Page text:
Video 10
Apical scaffold formation dynamics.

3D reconstructed time-lapse of Pard3-GFP (gray) localization during otic morphogenesis (dorsal view). Pard3-GFP in the otic vesicle (green arrows) or in the superficial external superficial (orange arrows) is shown. The anterolateral apical scaffold forms early during placode development and is transitory.

In neurogenic tissues, either asymmetric (daughter cells become one progenitor and one neuron) or symmetric (both daughter cells with the same fate) divisions can occur (Taverna et al., 2014; Chenn and McConnell, 1995; Das and Storey, 2012). This depends on factors such as the apicobasal position of the dividing cell and the orientation of the mitotic spindle (Das and Storey, 2012). Our dynamic analysis of neurog1 activation allowed us to assess the modes of divisions within the otic neurogenic domain. We observed that all divisions in the neurogenic domain have the cleavage plane perpendicular to the apical surface regardless of their position in the epithelium or their neurog1 expression (Figure 3G and H). When analysing the fate of the daughter cells after division, we found all were symmetric (27/27): both daughter cells delaminate after division (20/27 delaminate during the timeframe analysed, 7/27 are positioned to delaminate at the end of the acquisition). However, division can occur either before (13/25) or after (12/25) the induction of neurog1 expression. Interestingly, daughter cells from mitoses of a neurog1+ cell with high levels of DsRedE expression (neurog1+Hi cell) rapidly delaminate, remaining in close contact as they move to the periphery of the tissue (Figure 3I and J; Video 11). On the other hand, daughter cells from mitosis of cells not expressing neurog1 (neurog1), or only at low levels (neurog1+Low), remain in the epithelium after division, where they increase the DsRedE signal over a variable period of time (Figure 3—figure supplement 1).

Video 11
Coordinated and quick delamination after division of neurog1 expressing cells.

Coordinated delamination: in the upper panel, coronal planes tracking an individual cell before division (white dot) and their daughters after division and until delamination (white and blue dots) are shown. In the lower panel, 2D movement of the tracked cells is shown. Note the coordinated behaviour of daughter cells moving in close contact to the periphery of the tissue and delaminating simultaneously. Quick delamination after division: tracking of other cell including sagittal planes in the lower panel. Only one daughter is tracked (white dot). White lines indicate the limits of the vesicle.

In summary, divisions in the neurogenic domain are symmetric and apical. Furthermore, there is not a preferential sequence of events concerning neurog1 activation and division. Taken together, our analysis of the origin of neurog1+ cells revealed that they are added to the neurogenic domain by three different mechanisms: cell ingression, local expression and cell division.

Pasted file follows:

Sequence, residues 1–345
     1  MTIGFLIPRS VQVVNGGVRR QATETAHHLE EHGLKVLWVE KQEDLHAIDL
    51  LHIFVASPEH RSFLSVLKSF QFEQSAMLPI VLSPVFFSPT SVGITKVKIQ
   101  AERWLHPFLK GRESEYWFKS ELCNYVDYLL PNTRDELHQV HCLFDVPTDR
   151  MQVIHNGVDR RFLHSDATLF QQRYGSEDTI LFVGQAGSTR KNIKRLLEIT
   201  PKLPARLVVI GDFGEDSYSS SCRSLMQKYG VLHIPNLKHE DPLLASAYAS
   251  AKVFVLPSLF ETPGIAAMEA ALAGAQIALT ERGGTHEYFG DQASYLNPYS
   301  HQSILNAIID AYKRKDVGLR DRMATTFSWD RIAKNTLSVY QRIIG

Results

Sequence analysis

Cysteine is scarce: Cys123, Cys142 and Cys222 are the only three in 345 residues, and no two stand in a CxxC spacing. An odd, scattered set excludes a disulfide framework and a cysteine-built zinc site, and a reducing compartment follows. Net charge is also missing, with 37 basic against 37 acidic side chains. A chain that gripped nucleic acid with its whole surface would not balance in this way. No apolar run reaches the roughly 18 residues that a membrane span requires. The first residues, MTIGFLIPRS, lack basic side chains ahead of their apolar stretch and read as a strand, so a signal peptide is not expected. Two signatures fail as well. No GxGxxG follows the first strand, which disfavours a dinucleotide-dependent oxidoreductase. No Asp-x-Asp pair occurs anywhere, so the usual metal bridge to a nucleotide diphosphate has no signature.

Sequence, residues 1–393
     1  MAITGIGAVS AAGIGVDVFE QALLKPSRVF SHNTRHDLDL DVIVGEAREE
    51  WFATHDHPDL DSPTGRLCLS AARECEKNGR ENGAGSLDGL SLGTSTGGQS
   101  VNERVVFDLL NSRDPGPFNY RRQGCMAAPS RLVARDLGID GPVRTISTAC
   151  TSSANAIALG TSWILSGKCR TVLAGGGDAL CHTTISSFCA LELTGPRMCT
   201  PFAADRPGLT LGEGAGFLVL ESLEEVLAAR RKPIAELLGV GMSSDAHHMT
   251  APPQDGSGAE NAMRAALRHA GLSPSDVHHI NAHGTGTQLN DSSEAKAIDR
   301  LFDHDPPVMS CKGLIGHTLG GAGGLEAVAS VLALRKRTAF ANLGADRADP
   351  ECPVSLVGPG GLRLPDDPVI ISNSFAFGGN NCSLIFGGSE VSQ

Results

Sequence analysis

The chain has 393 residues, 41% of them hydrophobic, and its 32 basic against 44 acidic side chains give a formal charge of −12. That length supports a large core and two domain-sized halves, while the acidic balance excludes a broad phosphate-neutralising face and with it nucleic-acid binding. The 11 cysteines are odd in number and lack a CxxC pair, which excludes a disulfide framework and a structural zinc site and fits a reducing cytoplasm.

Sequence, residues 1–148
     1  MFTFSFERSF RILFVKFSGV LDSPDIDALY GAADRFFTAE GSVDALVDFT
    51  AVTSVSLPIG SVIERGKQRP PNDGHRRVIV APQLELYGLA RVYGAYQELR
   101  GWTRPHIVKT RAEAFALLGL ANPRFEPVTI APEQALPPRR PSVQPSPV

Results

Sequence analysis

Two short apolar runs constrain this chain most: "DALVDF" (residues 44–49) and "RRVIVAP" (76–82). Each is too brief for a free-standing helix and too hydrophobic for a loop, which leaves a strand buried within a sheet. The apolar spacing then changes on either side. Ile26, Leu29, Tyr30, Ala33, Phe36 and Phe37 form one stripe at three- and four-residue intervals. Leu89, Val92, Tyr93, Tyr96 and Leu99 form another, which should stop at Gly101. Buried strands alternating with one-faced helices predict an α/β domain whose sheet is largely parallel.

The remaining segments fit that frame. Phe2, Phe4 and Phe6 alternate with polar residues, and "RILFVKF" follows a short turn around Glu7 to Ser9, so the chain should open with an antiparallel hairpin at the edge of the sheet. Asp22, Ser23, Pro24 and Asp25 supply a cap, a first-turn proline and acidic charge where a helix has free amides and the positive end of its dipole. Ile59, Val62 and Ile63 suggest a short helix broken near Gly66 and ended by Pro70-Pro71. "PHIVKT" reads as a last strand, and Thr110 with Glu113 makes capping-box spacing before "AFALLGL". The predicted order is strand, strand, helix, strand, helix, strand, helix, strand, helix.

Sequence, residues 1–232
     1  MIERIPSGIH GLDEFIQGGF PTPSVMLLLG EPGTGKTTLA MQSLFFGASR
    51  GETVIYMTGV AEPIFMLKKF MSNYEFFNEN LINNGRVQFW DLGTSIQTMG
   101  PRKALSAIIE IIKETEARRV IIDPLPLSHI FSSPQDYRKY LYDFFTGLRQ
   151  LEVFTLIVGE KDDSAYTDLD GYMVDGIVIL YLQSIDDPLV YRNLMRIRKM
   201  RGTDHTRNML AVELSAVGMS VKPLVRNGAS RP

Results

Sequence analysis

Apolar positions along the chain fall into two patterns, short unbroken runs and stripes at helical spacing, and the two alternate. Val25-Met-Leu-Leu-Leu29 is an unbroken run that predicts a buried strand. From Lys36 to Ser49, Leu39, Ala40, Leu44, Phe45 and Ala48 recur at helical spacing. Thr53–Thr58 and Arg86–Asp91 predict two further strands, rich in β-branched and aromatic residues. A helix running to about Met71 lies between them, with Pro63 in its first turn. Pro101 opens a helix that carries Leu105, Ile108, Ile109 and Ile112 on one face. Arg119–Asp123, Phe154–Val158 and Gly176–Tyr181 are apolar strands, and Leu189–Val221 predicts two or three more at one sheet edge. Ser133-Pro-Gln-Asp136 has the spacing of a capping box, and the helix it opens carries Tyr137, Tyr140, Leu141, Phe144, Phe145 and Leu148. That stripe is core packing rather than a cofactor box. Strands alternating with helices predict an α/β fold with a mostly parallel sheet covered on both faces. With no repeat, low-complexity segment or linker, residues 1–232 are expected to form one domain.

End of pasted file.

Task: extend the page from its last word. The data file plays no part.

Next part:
Ingressing cells instruct neuronal specification

The incorporation of the ingressing cells and their rapid exit from the otic vesicle led us to wonder about their role in the establishment of the neurogenic domain. These early-specified cells might contribute to the neurogenic domain by their inclusion as specified cells and/or play additional roles. To address this question, we decided to eliminate these cells during their migration, before they reach the otic epithelium. For this, we identified the stream of migrating cells by their DsRedE signal (Figure 4A), laser-ablated them unilaterally at 12.5 hpf (Figure 4B), and examined the effects on neuronal specification in 3D in the otic vesicle at 18.5 hpf (Figure 4C–H; Video 12), before delamination becomes significant. Neurog1 expression was analysed by quantification of the Fcell in all cells belonging to the neurogenic domain (Figure 4C and D). Ablation of a limited number of cells (2–3 cells per laser pulse; see Material and methods for more details) led to a decrease in the global level of DsRedE expression (calculated as the sum of the Fcell for all neurog1+ cells) in the vesicle of the ablated side as compared to the contralateral vesicle on the non-ablated side of the embryo (Figure 4C and E; non-ablated side: 1492 ± 58, ablated side: 454 ± 44 a.u). Applying an increased number of laser pulses ablated more cells, which seems to lead to a more severe specification phenotype (compare embryos 1 and 2 from Figure 4C, which received 1 and 3 laser pulses respectively), despite the overall morphology of the neurogenic domain being unaffected. Analysis of both neurog1 expression in the otic epithelium at 21 hpf and the phenotype of the SAG at 42 hpf confirms that the effect of ablation persists and, thus, does not appear to represent a delay in neuronal specification (Figure 4—figure supplement 2A,B and C; Video 12). The effect of ablation is specific to otic neurog1 expression, since DsRedE expression in the neural tube was not affected (Figure 4—figure supplement 2D). Moreover, we observed a phenotype only after ablating anterior future ingressing cells: ablation of neurog1+ cells in another location (posterior to the placode at 13 hpf, Figure 4—figure supplement 1B) or developmental stage (anterior to the vesicle at 19 hpf, Figure 4—figure supplement 1C) did not affect neurog1 expression in the otic vesicle.

Figure 4 with 2 supplements see all
Ingressing cells instruct local neuronal specification.